Since the beginning of its existence as a country, Italy has faced enormous challenges in establishing itself as a unified political and social entity.

Since the beginning of its existence as a country, Italy has faced enormous challenges in establishing itself as a unified political and social entity.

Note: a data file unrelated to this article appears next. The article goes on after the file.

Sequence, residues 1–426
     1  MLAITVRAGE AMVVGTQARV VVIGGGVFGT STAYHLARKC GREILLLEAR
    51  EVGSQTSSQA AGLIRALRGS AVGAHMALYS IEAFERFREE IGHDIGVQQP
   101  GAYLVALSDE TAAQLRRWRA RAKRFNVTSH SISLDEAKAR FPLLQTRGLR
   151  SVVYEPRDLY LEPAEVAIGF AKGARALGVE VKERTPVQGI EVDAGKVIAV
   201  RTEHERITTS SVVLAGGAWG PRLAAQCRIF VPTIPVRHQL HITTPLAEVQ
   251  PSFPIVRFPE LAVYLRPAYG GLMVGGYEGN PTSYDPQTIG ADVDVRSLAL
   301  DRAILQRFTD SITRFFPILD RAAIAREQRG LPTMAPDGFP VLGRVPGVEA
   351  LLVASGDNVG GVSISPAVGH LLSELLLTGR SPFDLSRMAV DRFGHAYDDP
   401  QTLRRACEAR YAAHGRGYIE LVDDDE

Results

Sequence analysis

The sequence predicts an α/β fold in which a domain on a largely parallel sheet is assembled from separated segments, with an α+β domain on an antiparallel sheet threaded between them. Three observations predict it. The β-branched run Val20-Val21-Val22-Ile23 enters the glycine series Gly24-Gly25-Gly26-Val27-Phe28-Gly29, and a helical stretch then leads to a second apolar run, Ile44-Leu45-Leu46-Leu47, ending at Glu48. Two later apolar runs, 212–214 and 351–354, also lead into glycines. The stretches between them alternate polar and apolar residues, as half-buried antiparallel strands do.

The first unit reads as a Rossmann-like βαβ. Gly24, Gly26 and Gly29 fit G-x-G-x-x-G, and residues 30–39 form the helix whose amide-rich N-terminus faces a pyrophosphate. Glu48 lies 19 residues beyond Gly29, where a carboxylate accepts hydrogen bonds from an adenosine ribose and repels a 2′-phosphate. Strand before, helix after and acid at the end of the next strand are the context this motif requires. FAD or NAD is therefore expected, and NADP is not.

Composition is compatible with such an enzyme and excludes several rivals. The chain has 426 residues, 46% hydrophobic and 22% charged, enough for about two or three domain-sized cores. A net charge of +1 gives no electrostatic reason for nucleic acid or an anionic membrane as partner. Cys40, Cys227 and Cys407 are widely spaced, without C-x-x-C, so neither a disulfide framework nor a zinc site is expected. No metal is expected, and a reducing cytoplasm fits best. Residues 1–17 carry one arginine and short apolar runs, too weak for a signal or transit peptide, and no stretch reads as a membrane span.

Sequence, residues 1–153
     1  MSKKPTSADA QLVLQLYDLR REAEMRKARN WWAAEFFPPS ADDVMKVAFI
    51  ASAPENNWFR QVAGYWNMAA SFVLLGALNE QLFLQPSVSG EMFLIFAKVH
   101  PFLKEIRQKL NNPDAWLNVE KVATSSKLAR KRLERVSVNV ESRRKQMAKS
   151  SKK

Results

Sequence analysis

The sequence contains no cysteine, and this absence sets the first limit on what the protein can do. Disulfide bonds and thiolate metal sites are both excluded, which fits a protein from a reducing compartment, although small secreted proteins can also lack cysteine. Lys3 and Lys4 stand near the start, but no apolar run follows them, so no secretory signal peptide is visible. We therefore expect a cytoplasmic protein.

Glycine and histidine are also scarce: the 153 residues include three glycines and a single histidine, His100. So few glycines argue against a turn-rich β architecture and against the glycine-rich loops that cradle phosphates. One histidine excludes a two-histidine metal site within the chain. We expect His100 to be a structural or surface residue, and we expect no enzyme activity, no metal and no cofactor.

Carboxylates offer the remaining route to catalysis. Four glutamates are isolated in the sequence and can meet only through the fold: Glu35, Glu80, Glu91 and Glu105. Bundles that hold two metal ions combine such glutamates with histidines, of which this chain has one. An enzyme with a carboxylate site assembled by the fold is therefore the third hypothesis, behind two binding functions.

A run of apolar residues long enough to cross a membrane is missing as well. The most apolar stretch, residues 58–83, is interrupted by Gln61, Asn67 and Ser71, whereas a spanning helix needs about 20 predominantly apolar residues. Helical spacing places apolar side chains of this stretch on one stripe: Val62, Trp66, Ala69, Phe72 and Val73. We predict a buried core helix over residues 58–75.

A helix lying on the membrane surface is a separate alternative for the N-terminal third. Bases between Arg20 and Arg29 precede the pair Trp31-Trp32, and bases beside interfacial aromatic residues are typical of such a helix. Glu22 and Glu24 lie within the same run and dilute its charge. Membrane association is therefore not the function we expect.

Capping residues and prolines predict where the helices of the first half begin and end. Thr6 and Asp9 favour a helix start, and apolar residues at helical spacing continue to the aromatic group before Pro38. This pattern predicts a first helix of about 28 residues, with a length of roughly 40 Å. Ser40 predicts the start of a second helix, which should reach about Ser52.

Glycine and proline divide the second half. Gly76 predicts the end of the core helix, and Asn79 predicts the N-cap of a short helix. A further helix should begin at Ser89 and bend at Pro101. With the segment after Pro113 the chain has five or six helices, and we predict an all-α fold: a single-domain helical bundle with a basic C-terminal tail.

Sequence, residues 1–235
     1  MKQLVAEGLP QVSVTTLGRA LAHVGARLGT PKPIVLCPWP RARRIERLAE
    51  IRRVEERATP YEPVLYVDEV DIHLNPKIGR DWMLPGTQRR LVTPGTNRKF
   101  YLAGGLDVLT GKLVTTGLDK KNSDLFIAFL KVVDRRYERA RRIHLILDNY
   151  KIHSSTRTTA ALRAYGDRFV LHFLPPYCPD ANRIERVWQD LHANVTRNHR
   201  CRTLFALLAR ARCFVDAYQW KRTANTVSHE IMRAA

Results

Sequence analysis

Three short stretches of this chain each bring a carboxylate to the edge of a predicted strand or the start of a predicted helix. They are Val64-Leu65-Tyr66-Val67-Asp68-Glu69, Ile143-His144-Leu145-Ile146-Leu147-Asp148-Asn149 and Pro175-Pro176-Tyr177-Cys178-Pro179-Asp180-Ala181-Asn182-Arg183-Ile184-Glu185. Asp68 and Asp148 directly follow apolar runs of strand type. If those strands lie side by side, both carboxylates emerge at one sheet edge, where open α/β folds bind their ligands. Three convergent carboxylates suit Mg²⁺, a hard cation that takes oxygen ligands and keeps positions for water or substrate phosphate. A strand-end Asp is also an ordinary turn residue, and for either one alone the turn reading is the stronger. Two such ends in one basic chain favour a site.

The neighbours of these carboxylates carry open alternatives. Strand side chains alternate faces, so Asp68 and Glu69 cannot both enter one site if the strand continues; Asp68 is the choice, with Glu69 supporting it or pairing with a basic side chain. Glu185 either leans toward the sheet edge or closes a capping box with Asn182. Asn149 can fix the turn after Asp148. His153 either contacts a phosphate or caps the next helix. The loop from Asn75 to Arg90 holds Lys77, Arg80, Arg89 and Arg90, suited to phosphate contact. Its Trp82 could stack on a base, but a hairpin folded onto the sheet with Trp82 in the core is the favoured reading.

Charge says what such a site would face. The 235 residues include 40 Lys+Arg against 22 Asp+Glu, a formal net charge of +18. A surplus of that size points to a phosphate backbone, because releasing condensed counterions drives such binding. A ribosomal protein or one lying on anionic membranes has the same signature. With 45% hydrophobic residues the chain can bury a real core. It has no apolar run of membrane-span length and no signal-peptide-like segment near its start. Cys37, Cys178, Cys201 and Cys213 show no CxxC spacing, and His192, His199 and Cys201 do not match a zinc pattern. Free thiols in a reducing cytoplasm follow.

Since the beginning of its existence as a country, Italy has faced enormous challenges in establishing itself as a unified political and social entity. The geographic, economic, and linguistic differences between its various regions and the artificial manner in which they were amalgamated created a legacy of internal divisions that continues to dominate the country’s political climate to this day. Italy’s numerous historical fiascoes, such as its disastrous involvement in the two World Wars and the rise of fascism, further escalated the domestic problems that had haunted it since the Risorgimento. At first, the anti-fascist Resistance movement, which dominated the end of World War II, seemed to bring Italy a ray of hope, promising a new era of freedom, reform, and democratic representation. However, this hope was quickly extinguished, as widespread poverty, government corruption, and deep divisions between regions and classes persisted and no true social reform was attained. These harsh conditions were depicted by a group of Italian film directors whose neorealist works have since been celebrated as masterpieces of world cinema. One of the most prominent of these is Vittorio De Sica’s The Bicycle Thief. This 1948 film discusses the prevalent themes dominating Italy’s social and political history, within the context of the unsettlingly poor post-War urban proletariat. Among the most prominent motifs in Italian politics since the Risorgimento has been a tendency for quasi-action (inaction disguised as action), in the form of transformismo and attendismo. The first of these terms refers to the practice of “assuring the government of an adequate majority in parliament either by a preliminary deal with leaders of the opposition and by then absorbing them into the government as ministers, or by favours granted to deputies in return for support, or by combining both methods” (Procacci 1970: 337). Originally applied to the government…


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